EXPLAINER: What's known about delays in Nevada vote count

WASHINGTON (AP) — Nevada's high-profile contests for governor and Senate are too early to call, and details about outstanding ballots are unclear.

Here's a look at what we know about the Senate contests between Democratic incumbent Catherine Cortez Masto and Republican former state Attorney General Adam Laxalt, and about the race for governor between Democratic Gov. Steve Sisolak and GOP Clark County Sheriff Joe Lombardo.

WHAT WE KNOW

—With an estimated roughly three-quarters of the votes counted Republicans are leading their Democratic opponents by single-digit percentage points.

—A significant number of mail ballots remain to be counted. Election officials will count ballots received until Saturday as long as they were postmarked by Election Day.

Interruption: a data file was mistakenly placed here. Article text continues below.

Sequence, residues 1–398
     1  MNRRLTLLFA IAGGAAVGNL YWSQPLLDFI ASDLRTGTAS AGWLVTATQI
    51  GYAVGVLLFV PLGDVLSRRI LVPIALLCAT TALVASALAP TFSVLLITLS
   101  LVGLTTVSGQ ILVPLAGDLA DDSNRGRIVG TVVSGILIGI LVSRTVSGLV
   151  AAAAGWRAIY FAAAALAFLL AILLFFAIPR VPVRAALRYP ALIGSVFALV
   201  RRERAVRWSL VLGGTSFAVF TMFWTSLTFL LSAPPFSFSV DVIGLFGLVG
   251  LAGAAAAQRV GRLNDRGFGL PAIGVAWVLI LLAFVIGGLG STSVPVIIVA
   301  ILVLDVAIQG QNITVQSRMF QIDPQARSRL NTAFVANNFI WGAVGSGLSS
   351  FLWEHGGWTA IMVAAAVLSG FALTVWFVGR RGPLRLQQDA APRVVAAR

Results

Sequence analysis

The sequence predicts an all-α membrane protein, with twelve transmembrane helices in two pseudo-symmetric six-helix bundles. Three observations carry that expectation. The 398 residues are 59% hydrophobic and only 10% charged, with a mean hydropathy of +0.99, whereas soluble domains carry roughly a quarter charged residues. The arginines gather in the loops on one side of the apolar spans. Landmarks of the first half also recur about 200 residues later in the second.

—Officials have said there are tens of thousands of ballots that remain to be counted in Las Vegas' Clark County.

—Democrats and Republicans are urging their supporters to be patient while officials continue to count votes.

—Nevada wasn't called in 2020's presidential election until the Saturday after Election Day — the same day Pennsylvania (and therefore the presidency) was called for Joe Biden.

WHAT WE STILL DON'T KNOW

—Beyond the glaring question — who won the Senate and governor's races? — it's unclear how many more votes from drop boxes remain to be counted.

—The outstanding vote totals in Reno's Washoe County also are not clear.

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Mike Catalini can be reached at https://twitter.com/mikecatalini

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Check out https://apnews.com/hub/explaining-the-elections to learn more about the issues and factors at play in the 2022 midterm elections. Follow AP’s coverage of the 2022 midterm elections at: https://apnews.com/hub/2022-midterm-elections

Mike Catalini, The Associated Press